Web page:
Independent Black Beauty Brands Gain Clout, Sales Fueled by Instagram Influencer Culture

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Written by Saidat Giwa-Osagie
Instagram influencer
Instagram influencer culture is helping Black beauty brands to gain traction in a tough market. Photo by Tamis Souza from Pexels

As the old adage states, “Beauty is in the eye of the beholder,” but for cosmetic brands, beauty resides in the hands of the Instagram user. Recently dubbed as the “new shopping mall” of the internet, Instagram continues to establish its foothold as the premier outlet to shop and discover new brands. At the same time, Black beauty brands are using the app to rise to prominence through cultural means in an industry where they’ve traditionally been shut out.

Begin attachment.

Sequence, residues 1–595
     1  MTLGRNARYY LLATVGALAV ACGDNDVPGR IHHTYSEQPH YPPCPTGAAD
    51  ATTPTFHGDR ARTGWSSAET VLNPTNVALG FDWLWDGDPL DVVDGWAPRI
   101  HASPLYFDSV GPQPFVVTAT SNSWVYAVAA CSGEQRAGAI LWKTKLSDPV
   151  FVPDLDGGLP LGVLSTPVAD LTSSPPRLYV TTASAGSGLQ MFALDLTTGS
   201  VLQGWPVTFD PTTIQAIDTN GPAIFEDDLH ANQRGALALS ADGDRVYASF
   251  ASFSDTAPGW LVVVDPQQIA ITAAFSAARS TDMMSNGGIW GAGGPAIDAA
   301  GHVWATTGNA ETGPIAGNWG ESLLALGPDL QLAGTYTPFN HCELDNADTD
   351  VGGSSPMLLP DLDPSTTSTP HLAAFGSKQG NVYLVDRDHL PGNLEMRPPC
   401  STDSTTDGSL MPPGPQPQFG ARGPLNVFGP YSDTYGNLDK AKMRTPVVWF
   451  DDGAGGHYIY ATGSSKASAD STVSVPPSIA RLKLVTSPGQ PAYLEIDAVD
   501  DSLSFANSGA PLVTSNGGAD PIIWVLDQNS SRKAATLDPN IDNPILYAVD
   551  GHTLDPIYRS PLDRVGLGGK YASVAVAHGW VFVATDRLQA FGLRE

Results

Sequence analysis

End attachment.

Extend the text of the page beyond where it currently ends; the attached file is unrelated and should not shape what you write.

The appeal of Instagram has evolved from a platform full of artfully scenic pictures to a hub where users and their lifestyles are at the center for billions to see. Black beauty brands are known to operate at the intersection of two main movements: Black Girl Magic and Buy Black. In 2017 alone, Black consumers spent $54.4 million on ethnic hair essentials and beauty aids. Nielsen’s eighth annual report on digital habits and the economic impact of Black consumers shows Black Americans spend the majority of their time on Facebook and Instagram. Black American spending power is estimated to grow from $1.3 trillion to $1.54 trillion by 2022 and Black beauty brands are utilizing Instagram to cash in.